Many games are won and lost with mulligan decisions. I’m going to clue you in on the way that I found most effective mulligan with this deck. You have a couple of solid keeps in almost any situation: aldor-peacekeeper and truesilver-champion. aldor-peacekeeper is so versatile that he never ends up a dead card. truesilver-champion is so often a two for one that it’s hard not to keep this card. Although these are never bad keeps per se, I will reference below where I think you need to mulligan aggressively for certain cards.
With that said, you will notice in my explanations that I tend to mulligan assuming my opponent is aggressive. If the meta has shifted and you’re confident it’s not an aggro deck, then use your best judgement and mulligan accordingly. As well, it’s also important to have a plan with the hand you draw. You need to imagine how the first few turns are likely to play out. Even with all my mulligan suggestions laid out here, sometimes it’s hard to pass up a nice curve. For example, having the coin with acolyte-of-pain and aldor-peacekeeper is great if you’re pretty sure their turn three play is going to be dropping a minion. It creates a turn two, turn three, and you have a high chance of having a solid turn four because of this deck’s curve. As well, it gets value out of both your three drops. Hopefully this example gives you some sense of what I mean.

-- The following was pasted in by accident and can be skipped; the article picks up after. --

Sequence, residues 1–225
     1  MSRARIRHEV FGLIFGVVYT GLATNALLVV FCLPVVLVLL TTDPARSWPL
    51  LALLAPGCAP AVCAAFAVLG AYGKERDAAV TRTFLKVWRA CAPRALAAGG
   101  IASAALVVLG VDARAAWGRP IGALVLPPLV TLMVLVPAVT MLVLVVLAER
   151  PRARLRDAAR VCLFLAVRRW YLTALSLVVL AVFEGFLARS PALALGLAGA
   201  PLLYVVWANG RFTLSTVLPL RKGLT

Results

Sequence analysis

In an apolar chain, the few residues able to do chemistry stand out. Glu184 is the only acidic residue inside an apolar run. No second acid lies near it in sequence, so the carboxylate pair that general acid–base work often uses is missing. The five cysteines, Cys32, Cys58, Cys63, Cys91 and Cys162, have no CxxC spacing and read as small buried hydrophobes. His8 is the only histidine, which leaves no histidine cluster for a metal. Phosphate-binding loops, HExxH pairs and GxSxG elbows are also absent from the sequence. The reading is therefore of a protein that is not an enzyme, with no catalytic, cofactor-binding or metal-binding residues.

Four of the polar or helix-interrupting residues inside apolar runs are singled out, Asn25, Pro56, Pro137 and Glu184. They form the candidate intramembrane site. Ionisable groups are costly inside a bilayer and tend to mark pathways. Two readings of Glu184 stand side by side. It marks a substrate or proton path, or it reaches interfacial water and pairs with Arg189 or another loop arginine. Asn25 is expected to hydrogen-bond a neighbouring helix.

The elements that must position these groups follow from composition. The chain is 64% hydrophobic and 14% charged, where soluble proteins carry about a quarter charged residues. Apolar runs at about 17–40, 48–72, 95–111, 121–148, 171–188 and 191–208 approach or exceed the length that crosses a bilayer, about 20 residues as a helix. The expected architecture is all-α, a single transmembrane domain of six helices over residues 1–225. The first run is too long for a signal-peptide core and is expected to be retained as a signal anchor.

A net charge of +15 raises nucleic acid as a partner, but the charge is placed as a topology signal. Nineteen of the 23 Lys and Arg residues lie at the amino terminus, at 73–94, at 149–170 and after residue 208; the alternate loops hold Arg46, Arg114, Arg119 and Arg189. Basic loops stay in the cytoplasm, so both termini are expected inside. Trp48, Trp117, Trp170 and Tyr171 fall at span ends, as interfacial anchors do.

Against Druid you need to able to deal with innervate shenanigans. Thus, I usually look aggressively for either humility or aldor-peacekeeper. Thankfully, because this effect appears four times in the deck you have it fairly consistently. mountain-giant is also great as their options for dealing with this card early tend to be quite limited; it provides you a way of winning the tempo game instead of the attrition game.
Hunter is one of the tricker matchups, and probably one of the worst. However, I mulligan assuming they are running the aggressive Hunter deck. Because this is not an deck that typically builds up much of a board presence, AOE proves less effective. With that said, I still think wild-pyromancer is your best bet. Because of all their one health creatures, he can turn some of your cheap spells into kill spells and still leave something on the board for the following turn. holy-light is also fantastic as it can often stall that one extra turn, particularly if you already have wild-pyromancer. Because their cards are so low value and short-lived, holy-light actually counters the damage of more than one card.